Recognizing the Subtle Signs of Elder Abuse in Care Facilities

When families place older loved ones in nursing homes, they trust that those facilities will treat their loved ones with the dignity and respect they deserve. Unfortunately, far too many residents become victims of elder abuse. Recognizing the telltale signs can help protect your loved ones’ health and rights.

What Is Elder Abuse or Elder Neglect?

Elder abuse occurs when someone charged with caring for an older, vulnerable adult engages in actions or omissions that harm or negatively affect the physical, emotional, and financial well-being of that older adult. This form of abuse is worryingly common at nursing facilities.

Subtle Signs of Physical and Emotional Abuse

What are the signs of elder abuse?

Family members should familiarize themselves with the more subtle signs of elder abuse so they can intervene and protect their loved ones before it’s too late. If left unchecked, nursing home abuse can have tragic, even fatal consequences. Elder abuse signs that physical abuse is occurring in a nursing home include:

  • Unexplained physical trauma, such as lacerations, bruises, dislocated joints, or broken bones
  • Untreated injuries or multiple injuries in various states of healing
  • Marks from restraining devices
  • Overmedication or unnecessary sedation
  • Broken eyeglasses or damaged/torn clothing
  • New sexually transmitted infections
  • Sudden changes in an older person’s behavior, including withdrawal, depression, or severe anxiety
  • Caregivers refusing to allow family members or friends access to an older person

Older adults may also become the victim of emotional elder abuse, which can involve yelling or swearing at an older person or insulting, belittling, or threatening them, or otherwise inflicting psychological abuse. Some warning signs of ongoing emotional abuse of an elder family member include:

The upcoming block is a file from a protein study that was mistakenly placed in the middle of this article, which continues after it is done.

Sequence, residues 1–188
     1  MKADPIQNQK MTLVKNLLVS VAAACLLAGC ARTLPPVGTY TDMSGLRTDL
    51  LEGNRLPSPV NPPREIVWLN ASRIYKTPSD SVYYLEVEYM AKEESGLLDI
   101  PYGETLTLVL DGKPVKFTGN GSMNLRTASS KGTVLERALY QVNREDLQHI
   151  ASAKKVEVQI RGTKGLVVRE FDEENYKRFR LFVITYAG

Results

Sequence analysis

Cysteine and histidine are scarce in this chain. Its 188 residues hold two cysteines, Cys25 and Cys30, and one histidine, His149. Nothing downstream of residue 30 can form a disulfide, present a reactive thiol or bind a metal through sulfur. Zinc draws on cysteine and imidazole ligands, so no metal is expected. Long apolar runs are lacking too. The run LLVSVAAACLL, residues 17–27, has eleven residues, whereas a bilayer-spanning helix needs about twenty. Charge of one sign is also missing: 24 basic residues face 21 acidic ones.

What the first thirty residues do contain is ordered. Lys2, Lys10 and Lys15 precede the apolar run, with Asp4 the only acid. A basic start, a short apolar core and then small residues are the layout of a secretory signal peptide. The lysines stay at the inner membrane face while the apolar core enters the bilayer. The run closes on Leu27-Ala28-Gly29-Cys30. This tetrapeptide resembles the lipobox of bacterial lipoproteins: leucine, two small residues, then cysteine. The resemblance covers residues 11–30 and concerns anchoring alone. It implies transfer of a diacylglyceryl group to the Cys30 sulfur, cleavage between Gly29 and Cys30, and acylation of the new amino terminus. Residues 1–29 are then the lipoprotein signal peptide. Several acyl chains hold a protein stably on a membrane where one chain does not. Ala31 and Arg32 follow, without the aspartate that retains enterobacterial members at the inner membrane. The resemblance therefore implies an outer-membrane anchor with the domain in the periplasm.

• The older adult becomes emotionally agitated
  • Withdrawal or non-communication
  • Soothing behaviors like rocking, mumbling, or thumb-sucking
  • Changes in sleeping patterns or eating habits
  • Unusual changes in personality, such as excessive apologizing
  • Poor personal hygiene
  • Depression or anxiety

Recognizing Financial Abuse and Exploitation

Elder abuse may also take the form of financial exploitation, where a caregiver abuses their position of trust or authority to misappropriate an older person’s property and money. Signs that an elderly person may have been the target of financial abuse include:

  • Property, valuables, or cash going missing from the older person’s room or residence
  • Unexplained or unauthorized transactions in an older person’s bank account or credit card
  • Changes to the older person’s financial accounts, including adding authorized users to accounts or cards or changes to beneficiary or pay/transfer-on-death designations
  • Unpaid bills
  • Unexplained transfers of assets
  • Sudden changes to a will or other estate planning documents
  • Billing for fictitious or unnecessary services

What to Do if You Suspect Elder Abuse

If you suspect that a loved one has suffered elder abuse, whether it be physical abuse, emotional abuse, sexual abuse, or financial abuse, you can protect them by reporting your suspicions to the authorities. You can also file reports with the Georgia State Long-Term Care Ombudsman and the Georgia Department of Health. Finally, talk to an elder abuse attorney about your family’s options for seeking financial compensation and justice for your loved one.

Contact our Georgia Elder Abuse Attorneys Today

If you believe a loved one may have become the victim of elder abuse, turn to an experienced nursing home abuse and neglect attorney for help protecting their legal rights and safety. Contact Geiger Legal Group, LLC, today for a free, no-obligation consultation to discuss your family’s options.

About the Author: Geiger Legal Group, LLC

In 1981, attorney J. Christopher Geiger began practicing law in Canton, GA, determined to provide personalized legal service to the people of Cherokee County. His son Casey followed in his footsteps, first practicing law in Colorado before joining his father in 2017 to form the Geiger Legal Group, LLC. Together, the father and son team have built a law firm that revolves around clients, not cases.